Most of South Korea's spent nuclear fuel is being stored temporarily in water tanks

South Korea running out of spent nuclear fuel storage

South Korea will start to run out of temporary storage space for spent nuclear fuel from 2016, according to Seoul’s independent nuclear advisors.

The country has 23 nuclear reactors supplying about a third of its power, but the government has been under pressure to cut its reliance on nuclear power since late 2012 when safety scandals led to the temporary shutdown of reactors to replace parts supplied with fake certificates.

At the end of last year, 13,254 tonnes of spent fuel was being held in temporary storage at nuclear plants, according to data from the commission, mostly in water tanks but some in concrete containers.

But according to nuclear experts, plants in the Kori area of Busan city, just over 300 km southeast of Seoul, are forecast to start running out of storage space from 2016.

A Public Engagement Commission was set up in October 2013 to take account of public opinion on spent nuclear fuel issues and feed into policy decisions and chairman Hong Doo-seung, who has been working on this topic for 25 years, told Reuters it was now urgent to find more storage sites for spent fuel.

"We will have to stop nuclear power generation if we fail to find additional temporary space, which would be the second-best option," Hong said.

The commission, which consists of 13 nuclear experts, professors, city council members and an official from a private environmental watchdog, was set up in reaction to public disquiet over nuclear power and the disposal of spent fuel in the wake of the 2011 Fukushima nuclear disaster in Japan. Spent fuel was stored in water at the Fukushima plant, too.

The country's reactors produce around 750 tonnes of spent fuel each year and a permanent disposal site for low- to medium-level radioactive waste was completed in the city of Gyeongju, 250 km southeast of Seoul, in June. However, the government has delayed its start-up for six months pending approval by a nuclear watchdog.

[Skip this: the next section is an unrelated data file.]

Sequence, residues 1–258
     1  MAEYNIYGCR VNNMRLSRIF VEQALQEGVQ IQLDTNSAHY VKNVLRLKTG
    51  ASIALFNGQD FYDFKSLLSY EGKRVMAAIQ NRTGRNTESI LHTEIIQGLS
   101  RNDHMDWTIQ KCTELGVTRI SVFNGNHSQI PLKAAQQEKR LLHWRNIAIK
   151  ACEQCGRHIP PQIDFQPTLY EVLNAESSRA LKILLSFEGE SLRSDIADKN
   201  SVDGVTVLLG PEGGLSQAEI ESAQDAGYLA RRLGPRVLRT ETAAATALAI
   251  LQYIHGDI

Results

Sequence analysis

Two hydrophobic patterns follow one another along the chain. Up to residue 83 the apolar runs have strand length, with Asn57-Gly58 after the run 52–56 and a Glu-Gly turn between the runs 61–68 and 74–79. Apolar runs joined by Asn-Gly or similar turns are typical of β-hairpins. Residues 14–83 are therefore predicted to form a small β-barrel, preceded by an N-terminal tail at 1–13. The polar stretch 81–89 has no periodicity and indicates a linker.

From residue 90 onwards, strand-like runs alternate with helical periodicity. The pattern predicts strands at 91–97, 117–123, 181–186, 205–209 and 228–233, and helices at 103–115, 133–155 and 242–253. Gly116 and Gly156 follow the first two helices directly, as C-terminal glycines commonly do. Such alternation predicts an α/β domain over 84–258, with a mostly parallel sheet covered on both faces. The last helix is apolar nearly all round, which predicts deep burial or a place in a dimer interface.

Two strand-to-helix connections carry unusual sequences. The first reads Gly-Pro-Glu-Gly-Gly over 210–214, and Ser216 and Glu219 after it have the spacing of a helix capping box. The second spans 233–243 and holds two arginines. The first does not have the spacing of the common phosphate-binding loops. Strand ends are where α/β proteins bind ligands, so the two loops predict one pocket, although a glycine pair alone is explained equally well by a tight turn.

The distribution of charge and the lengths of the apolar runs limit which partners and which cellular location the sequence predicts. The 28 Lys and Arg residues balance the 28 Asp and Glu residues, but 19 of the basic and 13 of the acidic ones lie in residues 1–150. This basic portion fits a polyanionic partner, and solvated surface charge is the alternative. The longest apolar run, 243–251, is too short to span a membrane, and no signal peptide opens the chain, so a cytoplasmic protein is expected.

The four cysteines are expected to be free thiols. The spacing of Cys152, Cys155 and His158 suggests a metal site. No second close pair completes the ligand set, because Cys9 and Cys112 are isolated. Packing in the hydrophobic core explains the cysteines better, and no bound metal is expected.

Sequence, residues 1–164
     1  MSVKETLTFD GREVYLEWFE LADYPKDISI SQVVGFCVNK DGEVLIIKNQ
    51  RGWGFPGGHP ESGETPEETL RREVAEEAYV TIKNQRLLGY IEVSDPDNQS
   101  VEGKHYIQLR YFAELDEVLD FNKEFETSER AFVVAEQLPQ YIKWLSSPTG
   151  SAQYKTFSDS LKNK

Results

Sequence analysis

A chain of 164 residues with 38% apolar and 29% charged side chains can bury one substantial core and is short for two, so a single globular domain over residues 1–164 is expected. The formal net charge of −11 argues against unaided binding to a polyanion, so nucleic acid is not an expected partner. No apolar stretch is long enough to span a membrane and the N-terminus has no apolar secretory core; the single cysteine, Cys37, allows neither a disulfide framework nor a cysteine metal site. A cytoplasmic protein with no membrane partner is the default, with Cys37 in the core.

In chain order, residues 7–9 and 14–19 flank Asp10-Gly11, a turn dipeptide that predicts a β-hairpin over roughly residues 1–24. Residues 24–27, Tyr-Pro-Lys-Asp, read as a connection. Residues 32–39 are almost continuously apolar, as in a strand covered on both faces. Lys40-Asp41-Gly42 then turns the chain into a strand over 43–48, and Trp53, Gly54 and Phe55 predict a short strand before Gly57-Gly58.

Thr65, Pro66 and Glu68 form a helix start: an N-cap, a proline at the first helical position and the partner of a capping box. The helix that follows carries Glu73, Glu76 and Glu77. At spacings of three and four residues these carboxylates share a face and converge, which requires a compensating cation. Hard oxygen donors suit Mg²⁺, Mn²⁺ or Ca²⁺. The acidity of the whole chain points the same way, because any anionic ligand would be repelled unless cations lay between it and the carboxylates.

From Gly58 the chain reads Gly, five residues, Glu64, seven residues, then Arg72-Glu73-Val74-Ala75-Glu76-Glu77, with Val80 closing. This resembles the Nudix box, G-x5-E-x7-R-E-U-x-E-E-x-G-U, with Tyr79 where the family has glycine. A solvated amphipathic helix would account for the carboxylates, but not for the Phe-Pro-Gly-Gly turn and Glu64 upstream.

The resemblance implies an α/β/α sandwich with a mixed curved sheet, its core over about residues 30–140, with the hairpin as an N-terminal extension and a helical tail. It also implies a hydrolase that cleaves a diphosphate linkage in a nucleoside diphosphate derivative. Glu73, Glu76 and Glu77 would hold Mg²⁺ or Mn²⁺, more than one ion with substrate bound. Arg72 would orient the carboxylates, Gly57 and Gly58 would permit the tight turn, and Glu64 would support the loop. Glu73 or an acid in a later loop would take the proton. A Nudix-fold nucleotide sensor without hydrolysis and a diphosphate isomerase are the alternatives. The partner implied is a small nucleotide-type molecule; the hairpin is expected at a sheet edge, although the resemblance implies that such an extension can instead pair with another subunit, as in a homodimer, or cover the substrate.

Efforts to store spent fuel more densely in the temporary storage would simply earn time and could not be the ultimate solution, Hong added. His commission is due to produce a report on management options for spent nuclear fuel by the end of this year.

"We are making the utmost effort to conclude by the year-end but we won't rush it if we find the work is not satisfactory," said Hong, a professor of sociology at Seoul National University.

Korea Hydro and Nuclear Power Co, fully owned by state-run utility Korea Electric Power, operates the nuclear power plants.

In January, South Korea formally adopted a lower target for the proportion of power to be supplied by nuclear plants, but it still plans to double its nuclear capacity over the next two decades.

On Friday, President Park Geun-hye called for the creation of a nuclear safety consultative group in Northeast Asia, given the high number of nuclear power plants in the region and public concerns over safety.

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